9 out of 10 restaurant meals pack too many calories - Cape Cod Healthcare

Like most websites, we use cookies and other similar technologies for a number of reasons, such as keeping our website reliable and secure, personalizing content, providing social media features and to better understand how our site is used. By using our site, you are agreeing to our use of these tools. Learn More

Your Location is set to:

Published on July 25, 2016

9 out of 10 restaurant meals pack too many calories9 out of 10 restaurant meals pack too many calories

Thinking about having dinner out tonight? That’s fine if it is an occasional event, but recent research from Tufts University is enough to make regular restaurant patrons put down their forks.

The research published in the Journal of the American Academy of Nutrition and Dietetics found that 92 percent of the entrees in both national chain and independent restaurants were oversized portions.

This means that if you finish the meal, as many diners do, you’ve probably eaten many more calories than you typically would at home.

For the study, researchers examined 364 meals from both chains and locally owned restaurants in Boston, San Francisco and Little Rock, AR, between 2011 and 2014.

A summary of their findings shows that fast food isn’t the only culprit when it comes to high-calorie meals with unhealthy ingredients:

  • More than 92 percent of the meals they studied exceeded caloric recommendations for a single meal.
  • At 123 restaurants the entrée alone exceeded the caloric requirements for an entire daym without a beverage, appetizers or dessert, .
  • American, Chinese and Italian dishes had the highest calorie count with an average of 1,495 calories per meal.

The report highlights what many dieticians have been preaching for a long time, said Alicia Zonenshine, dietician for Falmouth Hospital.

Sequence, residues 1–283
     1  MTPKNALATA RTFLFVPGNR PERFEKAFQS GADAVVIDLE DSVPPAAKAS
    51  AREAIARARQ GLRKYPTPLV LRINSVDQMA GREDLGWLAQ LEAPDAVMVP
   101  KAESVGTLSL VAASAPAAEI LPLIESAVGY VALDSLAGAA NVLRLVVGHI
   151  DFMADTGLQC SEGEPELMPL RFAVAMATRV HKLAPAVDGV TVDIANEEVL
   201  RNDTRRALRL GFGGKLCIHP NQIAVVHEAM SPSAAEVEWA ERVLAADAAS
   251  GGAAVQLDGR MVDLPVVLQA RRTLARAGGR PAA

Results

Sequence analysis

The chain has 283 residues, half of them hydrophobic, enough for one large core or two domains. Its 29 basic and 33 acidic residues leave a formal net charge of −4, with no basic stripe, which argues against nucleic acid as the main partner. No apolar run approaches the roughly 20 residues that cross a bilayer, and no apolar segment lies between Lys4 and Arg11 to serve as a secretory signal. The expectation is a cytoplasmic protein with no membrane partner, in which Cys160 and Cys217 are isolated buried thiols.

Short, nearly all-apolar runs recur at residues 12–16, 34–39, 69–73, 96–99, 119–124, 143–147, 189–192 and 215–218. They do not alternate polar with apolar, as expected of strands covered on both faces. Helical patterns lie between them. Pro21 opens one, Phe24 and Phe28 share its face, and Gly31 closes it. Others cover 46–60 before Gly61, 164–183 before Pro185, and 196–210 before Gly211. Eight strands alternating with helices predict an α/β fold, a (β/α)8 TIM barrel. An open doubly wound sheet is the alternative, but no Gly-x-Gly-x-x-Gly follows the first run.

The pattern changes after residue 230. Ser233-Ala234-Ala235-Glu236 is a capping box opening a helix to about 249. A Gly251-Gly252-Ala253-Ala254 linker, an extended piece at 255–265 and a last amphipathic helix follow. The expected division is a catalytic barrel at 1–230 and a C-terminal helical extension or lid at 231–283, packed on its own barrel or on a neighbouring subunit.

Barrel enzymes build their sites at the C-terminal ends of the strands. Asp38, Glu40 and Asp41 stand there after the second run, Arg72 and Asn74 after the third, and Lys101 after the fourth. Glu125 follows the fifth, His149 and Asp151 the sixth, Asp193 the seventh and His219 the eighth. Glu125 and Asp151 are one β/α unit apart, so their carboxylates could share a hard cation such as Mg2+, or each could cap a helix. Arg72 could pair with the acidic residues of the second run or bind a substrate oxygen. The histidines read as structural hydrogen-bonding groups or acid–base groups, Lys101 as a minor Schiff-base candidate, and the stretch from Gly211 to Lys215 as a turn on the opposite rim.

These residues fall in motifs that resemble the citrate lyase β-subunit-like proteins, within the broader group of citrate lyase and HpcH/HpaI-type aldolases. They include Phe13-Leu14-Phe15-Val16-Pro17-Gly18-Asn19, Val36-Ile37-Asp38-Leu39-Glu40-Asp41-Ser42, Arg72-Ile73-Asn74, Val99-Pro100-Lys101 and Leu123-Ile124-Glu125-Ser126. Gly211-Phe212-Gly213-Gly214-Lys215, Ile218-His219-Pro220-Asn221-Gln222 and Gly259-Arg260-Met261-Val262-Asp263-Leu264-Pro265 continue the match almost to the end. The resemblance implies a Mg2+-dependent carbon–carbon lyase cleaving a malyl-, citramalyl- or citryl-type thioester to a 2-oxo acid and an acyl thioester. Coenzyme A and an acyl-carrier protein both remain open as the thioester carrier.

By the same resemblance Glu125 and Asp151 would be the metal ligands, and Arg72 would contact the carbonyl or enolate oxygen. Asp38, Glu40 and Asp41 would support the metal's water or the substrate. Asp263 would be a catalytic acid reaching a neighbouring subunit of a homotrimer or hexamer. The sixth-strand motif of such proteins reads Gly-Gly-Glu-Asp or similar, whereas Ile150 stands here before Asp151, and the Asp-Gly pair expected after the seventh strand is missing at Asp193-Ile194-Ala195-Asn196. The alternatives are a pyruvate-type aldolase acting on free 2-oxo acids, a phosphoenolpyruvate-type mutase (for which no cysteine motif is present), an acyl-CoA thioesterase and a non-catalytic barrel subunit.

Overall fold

“Part of it is that the portions are too large, but it’s also what they are putting in the food,” she said. “I guarantee if you make a chicken dish at home it will be lower in sodium and fat than if you go to a restaurant and get the same thing.”

Zonenshine offered the following tips to make eating out healthier:

  • Just being in a restaurant primes our bodies to crave food, so prepare ahead by looking at the restaurant menu online and choosing your entrée before your senses are assaulted by delicious smells in a dining room.
  • Order first so you aren’t tempted or swayed by things other people in your party are ordering.
  • Say no thank you to the bread basket.
  • Choose restaurants where “special orders don’t upset us.” Some restaurants are willing to work with patrons to create healthier plates.
  • Start your meal with a garden salad, but make sure there are no croutons, cheese or other high calorie toppings.
  • Ask for all sauces and salad dressings on the side. If you are in control of the portion, it will most likely be a lot smaller.
  • Look for healthier key words like “broiled” or “grilled,” rather than “fried” or “crispy,” when ordering lean proteins like chicken or seafood.
  • If you do order a steak, remove all extra fat. Also remove skin from chicken.
  • Consider splitting a meal if the restaurant will allow it.
  • Ask for a doggie bag when you order your meal and when your entrée arrives, put half of it in the doggy bag right away. This will lessen the chances of overeating because you’re distracted by the conversation or setting.
  • Never order dessert just because other people at your table are ordering it.

“If you are going out to eat every once in a while and it’s a special occasion, if you see something on the menu that you are really drawn to, then I would say order it,” she said. “On occasion you should be allowed to treat yourself, just so long as you don’t do it all the time.”

Amy Rose Sager, dietician for the Visiting Nurse Association of Cape Cod, agreed with Zonenshine’s tips and added a few of her own:

  • Plant based entrees are going to be lower in fat and calories so consider a vegetarian choice.
  • Double up on your veggies rather than eating starchy sides.
  • Avoid creamy soups, sauces and dressings. These items not only have more calories, but also more sodium.
  • Three ounces is a proper serving of meat so become familiar with what that actually looks like in proportion to the meat you are being served.
  • Make meat a condiment of the meal, not the main event.
  • Slow down the pace of the meal by putting your fork down between bites. Being more mindful helps you realize when you are satisfied and should stop eating.
  • Many people eat out because of a busy schedule. You can limit this by preparing meals at home ahead of time. That way a restaurant isn’t your only choice for a quick meal.

“A lot of times when we dine out we let our guard down,” Sager said. “We’re given a large portion and that automatically makes us more likely to overeat. It would be great if we could get restaurants to offer smaller portions and healthier choices.”